The Beatles and the Stones “hit us in a big way,” Weir says. “I was working in the music store where Jerry worked, and-well, we were thinking while we were working at the music store, all those shiny electric instruments are starting to give us the come-hither. And just around then, the son of the owner of the music store said, ‘Hey, listen, you guys want to start a rock & roll band? I’ll loan you the instruments if I can play bass.’ The Beatles came out, and there was life to what they were playing. Rock & roll seemed viable — it seemed less like prepackaged, marketed pap and more like there was some expansiveness to the music. So we became a rock & roll band at that point.”
Phil Lesh, who was friends with Garcia and watched his musical progress closely, saw various incarnations of the jug band and attributes its transformation to McKernan, whose tastes leaned far more toward the Stones than the Beatles. Of course, Lesh and Weir have not agreed on much in some time. (Their elemental disagreement over the mission of the band — carrying on musical tradition or experimentation — along with more mundane conflicts over business, prevents the surviving members from playing together in their fortieth anniversary year.)
“That was a neat metamorphosis, because Jerry and Pigpen had been trying to work some kind of thing out for years,” Lesh says. “In Palo Alto, they finally got it together with this jug band — a jug band is kind of a magpie’s nest of influences, just like the Grateful Dead turned out to be. Pigpen was into the Chicago blues, and it was his idea: ‘Let’s get a drummer and make it an electric blues band.’ It was just such a natural thing to happen.”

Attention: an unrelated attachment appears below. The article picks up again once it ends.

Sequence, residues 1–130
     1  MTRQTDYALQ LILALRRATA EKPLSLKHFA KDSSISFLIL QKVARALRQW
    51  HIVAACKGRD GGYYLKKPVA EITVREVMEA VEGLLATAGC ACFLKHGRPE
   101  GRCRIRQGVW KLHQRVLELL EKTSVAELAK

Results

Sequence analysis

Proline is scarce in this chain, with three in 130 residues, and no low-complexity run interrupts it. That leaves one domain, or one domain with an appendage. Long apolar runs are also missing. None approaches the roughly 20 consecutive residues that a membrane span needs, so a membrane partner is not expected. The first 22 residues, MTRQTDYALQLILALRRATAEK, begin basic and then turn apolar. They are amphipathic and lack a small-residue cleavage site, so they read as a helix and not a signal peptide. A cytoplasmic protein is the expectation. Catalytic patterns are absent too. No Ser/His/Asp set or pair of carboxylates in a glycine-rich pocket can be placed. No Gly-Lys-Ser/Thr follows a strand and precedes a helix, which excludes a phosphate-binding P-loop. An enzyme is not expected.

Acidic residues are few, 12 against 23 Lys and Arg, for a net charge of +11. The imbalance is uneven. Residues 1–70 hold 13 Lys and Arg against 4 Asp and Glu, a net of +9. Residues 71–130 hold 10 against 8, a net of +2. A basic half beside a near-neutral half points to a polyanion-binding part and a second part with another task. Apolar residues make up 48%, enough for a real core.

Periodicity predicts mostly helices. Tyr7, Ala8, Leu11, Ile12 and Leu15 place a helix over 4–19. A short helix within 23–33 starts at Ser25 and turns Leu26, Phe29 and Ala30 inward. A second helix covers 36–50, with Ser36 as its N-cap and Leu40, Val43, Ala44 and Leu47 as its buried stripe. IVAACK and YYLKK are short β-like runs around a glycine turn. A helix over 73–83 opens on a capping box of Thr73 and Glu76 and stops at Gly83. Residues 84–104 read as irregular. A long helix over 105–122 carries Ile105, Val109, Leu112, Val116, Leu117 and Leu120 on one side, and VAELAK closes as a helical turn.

The drummer they got was the best one they knew and the one they knew best: Bill Kreutzmann, who had played in a local R&B band and was teaching in the instrument store alongside Garcia and Weir. A big, quiet man who said he related to Lenny in Of Mice and Men, Kreutzmann was married with a baby daughter at eighteen, when he was still in high school, though his playing was fiery and wild. Garcia would claim (in an interview with the band’s official biographer, Dennis McNally) that he “really, really didn’t understand anything [Kreutzmann] said. He was just like, ‘Rcty rcty shdd.’ You know, what? ‘Rrrrou.’ ” (Kreutzmann, through a representative, declined to be interviewed for this article.)But his drumming spoke to Garcia. “He was all over the place,” Garcia told McNally.
The guys chose a dark, forbidding new name — the Warlocks (which would later be an early name for a band of another sphere, the Velvet Underground). Lesh joined in May 1965, after the first set of a Warlocks gig at a pizza parlor in Menlo Park that Lesh attended, high on acid, and enjoyed so well that he danced by himself in front of the bandstand. Garcia cornered him and announced, “Hey, man-you’re going to be the bass player in this band,” as Lesh recalls. Such was Garcia’s intuitive sense of the two men’s companionability, his faith in Lesh’s fundamental musical acumen and his disdain for the rudimentary plunking of the music-store owner’s son, whose father repossessed the band’s equipment. (Garcia hustled up replacement gear on loan.)